Whole grain bread is the bread we should eat and even the bread we want to eat but somewhere between our healthful ideals and our taste buds we frequently opt for white bread instead of whole grain. Peter Reinhart understands this conundrum and has a solution - great tasting whole grain breads! In his latest cookbook "Peter Reinhart's Whole Grain Breads" he provides us the techniques and recipes to create wonderful whole grain breads in our kitchen.
The book begins with details on the fundamentals behind baking science and his delayed fermentation approach. Building upon these fundamentals Peter then presents us with recipes for "The Breads" ranging from whole grain sandwich breads, to specialty breads, bagels, and even crackers. Most of the recipes begin with a starter pre-dough and also require a biga, soaker and/or mash. Peter details the recipes and techniques well but be warned most of these recipes typically require a two-day process, see for example the recipe of "Whole Wheat Brioche" below. The result is exceptional whole grain bread and for those who frequently make home made bread adapting to Reinhart's approach will be straightforward.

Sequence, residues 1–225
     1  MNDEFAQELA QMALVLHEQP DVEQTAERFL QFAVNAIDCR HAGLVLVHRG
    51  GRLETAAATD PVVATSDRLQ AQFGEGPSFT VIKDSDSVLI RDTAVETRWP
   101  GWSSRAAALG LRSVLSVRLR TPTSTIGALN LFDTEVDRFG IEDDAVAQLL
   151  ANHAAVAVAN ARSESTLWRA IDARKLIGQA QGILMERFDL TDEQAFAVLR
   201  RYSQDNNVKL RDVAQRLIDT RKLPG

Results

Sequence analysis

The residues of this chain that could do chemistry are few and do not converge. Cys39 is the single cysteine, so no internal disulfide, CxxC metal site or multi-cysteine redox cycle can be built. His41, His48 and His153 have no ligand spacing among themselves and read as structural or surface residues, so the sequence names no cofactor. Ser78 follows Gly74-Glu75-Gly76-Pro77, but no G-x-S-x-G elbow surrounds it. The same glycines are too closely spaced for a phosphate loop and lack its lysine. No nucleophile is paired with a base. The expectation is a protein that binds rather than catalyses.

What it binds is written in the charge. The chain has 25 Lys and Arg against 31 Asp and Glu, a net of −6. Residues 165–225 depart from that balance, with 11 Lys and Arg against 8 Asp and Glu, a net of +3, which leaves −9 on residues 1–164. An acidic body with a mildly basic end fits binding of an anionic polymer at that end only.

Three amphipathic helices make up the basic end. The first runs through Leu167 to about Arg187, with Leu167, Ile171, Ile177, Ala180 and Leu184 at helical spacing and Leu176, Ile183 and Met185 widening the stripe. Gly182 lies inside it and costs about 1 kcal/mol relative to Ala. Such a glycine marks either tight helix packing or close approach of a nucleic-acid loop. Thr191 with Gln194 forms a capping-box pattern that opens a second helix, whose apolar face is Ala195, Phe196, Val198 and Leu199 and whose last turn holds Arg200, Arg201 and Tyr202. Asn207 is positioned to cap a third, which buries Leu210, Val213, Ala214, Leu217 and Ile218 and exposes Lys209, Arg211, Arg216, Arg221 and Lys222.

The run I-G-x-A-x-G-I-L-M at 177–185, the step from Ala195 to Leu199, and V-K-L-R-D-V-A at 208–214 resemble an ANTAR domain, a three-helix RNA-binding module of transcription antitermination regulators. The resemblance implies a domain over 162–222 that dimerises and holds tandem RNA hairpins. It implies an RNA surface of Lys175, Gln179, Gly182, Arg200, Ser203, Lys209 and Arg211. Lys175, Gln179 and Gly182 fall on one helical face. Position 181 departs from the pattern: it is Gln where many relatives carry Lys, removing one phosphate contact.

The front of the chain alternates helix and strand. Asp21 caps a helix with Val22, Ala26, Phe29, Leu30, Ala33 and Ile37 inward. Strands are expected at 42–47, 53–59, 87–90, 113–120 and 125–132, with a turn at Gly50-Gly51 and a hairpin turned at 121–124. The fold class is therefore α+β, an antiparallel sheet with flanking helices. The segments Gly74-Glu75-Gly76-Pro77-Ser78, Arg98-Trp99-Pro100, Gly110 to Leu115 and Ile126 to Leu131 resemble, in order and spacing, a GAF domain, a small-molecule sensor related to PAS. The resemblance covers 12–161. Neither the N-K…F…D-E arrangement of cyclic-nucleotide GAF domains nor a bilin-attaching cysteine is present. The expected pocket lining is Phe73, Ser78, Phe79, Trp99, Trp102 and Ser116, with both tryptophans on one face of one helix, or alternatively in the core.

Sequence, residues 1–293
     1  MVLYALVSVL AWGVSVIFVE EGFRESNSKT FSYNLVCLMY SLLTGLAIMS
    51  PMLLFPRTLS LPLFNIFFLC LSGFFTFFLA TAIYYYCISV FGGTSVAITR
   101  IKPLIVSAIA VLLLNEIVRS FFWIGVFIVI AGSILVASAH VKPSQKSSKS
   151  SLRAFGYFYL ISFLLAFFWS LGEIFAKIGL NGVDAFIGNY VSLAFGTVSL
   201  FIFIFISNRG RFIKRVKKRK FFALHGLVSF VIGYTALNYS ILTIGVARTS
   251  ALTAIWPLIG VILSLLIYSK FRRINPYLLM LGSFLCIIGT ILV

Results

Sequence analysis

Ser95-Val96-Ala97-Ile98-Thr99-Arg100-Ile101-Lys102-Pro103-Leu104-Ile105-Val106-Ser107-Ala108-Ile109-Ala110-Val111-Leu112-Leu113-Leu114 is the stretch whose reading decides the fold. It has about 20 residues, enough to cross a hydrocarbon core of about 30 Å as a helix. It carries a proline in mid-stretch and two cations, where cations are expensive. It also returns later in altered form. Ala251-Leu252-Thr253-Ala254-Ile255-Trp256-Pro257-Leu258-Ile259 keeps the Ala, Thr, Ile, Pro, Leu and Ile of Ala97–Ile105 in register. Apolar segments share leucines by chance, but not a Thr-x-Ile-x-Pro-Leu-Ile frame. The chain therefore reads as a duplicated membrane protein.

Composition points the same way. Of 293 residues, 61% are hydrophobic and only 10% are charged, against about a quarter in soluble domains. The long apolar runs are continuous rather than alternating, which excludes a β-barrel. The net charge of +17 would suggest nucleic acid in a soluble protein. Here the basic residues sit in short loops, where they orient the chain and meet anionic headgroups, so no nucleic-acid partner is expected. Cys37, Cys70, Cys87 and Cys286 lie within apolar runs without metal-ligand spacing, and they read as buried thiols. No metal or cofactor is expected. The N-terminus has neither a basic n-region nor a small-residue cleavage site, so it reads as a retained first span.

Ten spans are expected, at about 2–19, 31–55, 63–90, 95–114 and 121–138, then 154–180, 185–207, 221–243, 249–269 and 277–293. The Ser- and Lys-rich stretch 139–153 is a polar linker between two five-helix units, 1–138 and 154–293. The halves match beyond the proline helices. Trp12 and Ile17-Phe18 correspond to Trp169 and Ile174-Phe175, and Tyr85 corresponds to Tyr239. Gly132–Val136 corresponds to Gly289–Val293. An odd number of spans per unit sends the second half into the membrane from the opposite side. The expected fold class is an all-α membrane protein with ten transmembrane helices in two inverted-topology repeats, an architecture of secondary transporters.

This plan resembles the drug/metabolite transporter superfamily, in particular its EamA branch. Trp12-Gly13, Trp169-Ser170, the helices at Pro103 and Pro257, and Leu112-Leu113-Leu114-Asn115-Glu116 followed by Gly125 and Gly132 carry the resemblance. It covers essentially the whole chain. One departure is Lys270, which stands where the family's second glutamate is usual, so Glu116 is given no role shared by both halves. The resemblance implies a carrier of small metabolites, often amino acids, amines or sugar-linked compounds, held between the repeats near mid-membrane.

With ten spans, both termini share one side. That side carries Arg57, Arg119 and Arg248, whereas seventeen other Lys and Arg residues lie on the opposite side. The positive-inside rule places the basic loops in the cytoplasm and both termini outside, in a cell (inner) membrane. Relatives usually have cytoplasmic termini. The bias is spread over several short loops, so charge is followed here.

Whole Wheat Brioche
From Peter Reinhart's Whole Grain Breads by Peter Reinhart, Ten Speed Press, 2007
Makes 1 large or 12 small loaves
This whole wheat version is almost an oxymoron: brioche is, by definition, rich, buttery, white flour bread. But there is no reason why we cannot indulge once in a while in rich, buttery, whole grain bread. Brioche is a very versatile bread that can be used for French toast, bread pudding, tea sandwiches, or toast points for appetizers. It can be flavored with vanilla and used for tender pie and tart dough. It can also be wrapped around meats and mousses for Wellingtons, terrines, and ballotines.